What the %*$# Is Systems Design?
A systems designer explains systems, why they need designing, and what she actually does for a living
I’m in a quiet but crowded bar chatting with a friend of a friend, who inevitably asks: “So, what do you do?”
Sometimes I wish I could reply with an expected answer — doctor, lawyer, teacher, engineer, entrepreneur.
Instead, I say: “I’m a systems designer.”
“A what?” they ask.
When I started at IDEO six years ago, I had no idea what a systems designer was either. Only that I was one.
Now I have an answer, but I’m still perfecting the 30-second elevator pitch. If you’ve got four minutes, here’s what I’ve got so far.
What is a system?
An iPhone, the human body, buildings, cities, organizations, economies, the universe. One of these can fit in your pocket and another is infinite — what makes them all systems?
In a series of excellent lectures, Russell Ackoff, a pioneer in systems thinking and former professor at Wharton Business School, uses the analogy of an automobile to explain systems. Ackoff explains that no individual part of a car can move you from point A to point B on its own — not the wheel, axle, seat, or even the motor. But a car can. If you take apart a car, you no longer have a car, just the pieces. As Ackoff says, this is because “A system is not the sum of the behavior of its parts; it’s the product of their interactions.” This is as true for a computer as it is for the universe as it is for any other system.
A system is defined by the interactions of its parts.
Okay, so what is systems design?
In his business school lectures, Ackoff criticized managers for focusing on business silos (marketing, operations, finance). He urged his students — future managers — to take a wider systems view by understanding the interactions that create the whole.
As a business school graduate, I couldn’t agree more. But if that’s systems thinking, what about systems design? What’s the difference?
Ackoff heralded one profession for best exemplifying systems design: architecture. Architects don’t design the bedroom, kitchen, or living room separately, because these rooms need certain elements and attributes to work together and form a house. Ackoff explains, the architect “will never modify the house to improve the quality of the room, unless the quality of the house is simultaneously improved.” In other words, an architect wouldn’t make the kitchen bigger if it meant getting rid of the bathroom.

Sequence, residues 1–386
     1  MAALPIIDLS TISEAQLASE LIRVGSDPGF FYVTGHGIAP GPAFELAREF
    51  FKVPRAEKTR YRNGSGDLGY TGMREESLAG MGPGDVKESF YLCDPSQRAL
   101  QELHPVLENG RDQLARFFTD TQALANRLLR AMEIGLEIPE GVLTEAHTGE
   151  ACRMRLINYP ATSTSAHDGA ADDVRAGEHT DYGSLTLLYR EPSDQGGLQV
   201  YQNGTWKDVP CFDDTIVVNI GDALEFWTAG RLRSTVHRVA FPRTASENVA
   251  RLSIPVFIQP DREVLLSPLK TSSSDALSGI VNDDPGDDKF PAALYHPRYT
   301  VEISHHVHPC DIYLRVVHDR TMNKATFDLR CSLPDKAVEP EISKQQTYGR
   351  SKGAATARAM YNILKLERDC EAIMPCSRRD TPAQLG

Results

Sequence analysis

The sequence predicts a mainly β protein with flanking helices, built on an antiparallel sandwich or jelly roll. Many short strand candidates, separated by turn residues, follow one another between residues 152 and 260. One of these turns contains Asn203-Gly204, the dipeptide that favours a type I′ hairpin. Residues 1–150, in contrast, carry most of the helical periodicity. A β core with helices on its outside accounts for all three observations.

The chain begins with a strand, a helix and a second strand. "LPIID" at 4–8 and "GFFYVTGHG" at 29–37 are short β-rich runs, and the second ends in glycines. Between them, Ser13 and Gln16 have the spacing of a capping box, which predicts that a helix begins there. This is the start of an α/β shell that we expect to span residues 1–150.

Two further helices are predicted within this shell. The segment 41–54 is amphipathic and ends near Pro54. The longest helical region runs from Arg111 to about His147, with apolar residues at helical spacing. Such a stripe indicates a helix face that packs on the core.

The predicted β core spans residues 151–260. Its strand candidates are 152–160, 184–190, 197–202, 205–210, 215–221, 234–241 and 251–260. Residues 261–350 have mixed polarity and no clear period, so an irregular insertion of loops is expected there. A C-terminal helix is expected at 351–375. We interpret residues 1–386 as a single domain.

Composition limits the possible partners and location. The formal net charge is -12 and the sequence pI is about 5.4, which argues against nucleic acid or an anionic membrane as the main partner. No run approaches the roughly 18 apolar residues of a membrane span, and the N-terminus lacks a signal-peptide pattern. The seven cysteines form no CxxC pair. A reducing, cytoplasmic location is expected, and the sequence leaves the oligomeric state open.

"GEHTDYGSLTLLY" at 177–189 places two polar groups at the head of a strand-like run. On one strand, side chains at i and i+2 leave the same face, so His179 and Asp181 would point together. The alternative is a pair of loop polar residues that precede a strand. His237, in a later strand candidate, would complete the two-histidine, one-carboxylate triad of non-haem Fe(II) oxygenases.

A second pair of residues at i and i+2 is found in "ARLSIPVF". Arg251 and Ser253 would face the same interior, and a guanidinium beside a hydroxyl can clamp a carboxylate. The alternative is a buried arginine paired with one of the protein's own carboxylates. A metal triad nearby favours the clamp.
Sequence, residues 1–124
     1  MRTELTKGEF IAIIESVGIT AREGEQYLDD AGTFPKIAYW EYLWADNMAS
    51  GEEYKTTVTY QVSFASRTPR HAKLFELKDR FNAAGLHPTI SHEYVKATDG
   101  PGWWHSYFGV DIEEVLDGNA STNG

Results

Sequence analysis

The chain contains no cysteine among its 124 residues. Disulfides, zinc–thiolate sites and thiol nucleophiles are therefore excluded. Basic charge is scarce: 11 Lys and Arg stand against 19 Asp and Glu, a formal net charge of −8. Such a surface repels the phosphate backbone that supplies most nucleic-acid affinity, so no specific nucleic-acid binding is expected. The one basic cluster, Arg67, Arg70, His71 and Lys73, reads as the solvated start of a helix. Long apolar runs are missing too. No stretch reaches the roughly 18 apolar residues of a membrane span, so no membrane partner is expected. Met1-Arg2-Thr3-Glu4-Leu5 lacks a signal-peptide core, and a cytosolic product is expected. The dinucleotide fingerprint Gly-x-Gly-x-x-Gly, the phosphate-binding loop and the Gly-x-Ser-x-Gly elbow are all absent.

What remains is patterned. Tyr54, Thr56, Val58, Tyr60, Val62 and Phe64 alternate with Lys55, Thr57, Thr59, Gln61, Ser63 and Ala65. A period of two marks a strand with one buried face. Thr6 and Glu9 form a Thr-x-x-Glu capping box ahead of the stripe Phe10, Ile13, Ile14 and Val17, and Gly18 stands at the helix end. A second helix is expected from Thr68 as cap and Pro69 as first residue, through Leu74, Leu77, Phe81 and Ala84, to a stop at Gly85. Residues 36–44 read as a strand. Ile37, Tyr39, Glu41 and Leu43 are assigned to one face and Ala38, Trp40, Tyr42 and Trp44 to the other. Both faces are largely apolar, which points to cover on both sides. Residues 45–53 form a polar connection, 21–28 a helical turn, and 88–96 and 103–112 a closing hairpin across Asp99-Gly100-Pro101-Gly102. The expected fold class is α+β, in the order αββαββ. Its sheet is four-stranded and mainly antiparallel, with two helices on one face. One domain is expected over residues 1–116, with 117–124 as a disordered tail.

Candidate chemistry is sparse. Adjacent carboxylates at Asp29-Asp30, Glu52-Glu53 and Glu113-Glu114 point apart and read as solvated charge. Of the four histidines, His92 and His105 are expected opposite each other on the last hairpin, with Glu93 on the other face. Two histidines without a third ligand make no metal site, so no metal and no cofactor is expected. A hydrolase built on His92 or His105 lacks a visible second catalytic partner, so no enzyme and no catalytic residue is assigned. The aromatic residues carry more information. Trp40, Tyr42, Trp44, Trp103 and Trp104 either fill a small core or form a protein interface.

Systems design is designing the interactions between parts.
Ah, so you’re an architect?
Not exactly, although it’s no coincidence that I used to be a designer at an architecture firm. To be more specific, I think of myself as a “human-centered systems designer” (but that doesn’t exactly roll off the tongue).
IDEO is known for human-centered design, a process that takes inspiration from the needs and aspirations of people — usually the end users of a product, service, or experience. Human-centered systems design also starts with people, but looks at all the diverse stakeholders within a system, including end users.
For example, when designing schools, students are the end users. But the needs of teachers, parents, and administrators are equally important to inspire design. A few years ago, IDEO was tasked with creating a way for schools to redesign their culture. Culture is the collective behaviors and mindsets of people. Since behaviors and mindsets are intangible, they can’t be designed directly. But you can design spaces, schedules, processes, roles, rituals, and incentives — tangible “levers for change” — to influence behaviors and mindsets, and therefore give rise to culture.
We zeroed in on the needs of school leaders who have the most control of these levers. Based on this research, we developed School Retool, a professional development program that empowers school principals to use these levers to “hack” their school culture. We provided school leaders with the framework to be empathetic and experimental systems designers at their own schools. For example, one big idea of unwalling principals’ offices makes principals more accessible to students and teachers. This creates an openness to unexpected conversations, which in turn develops a culture of trust.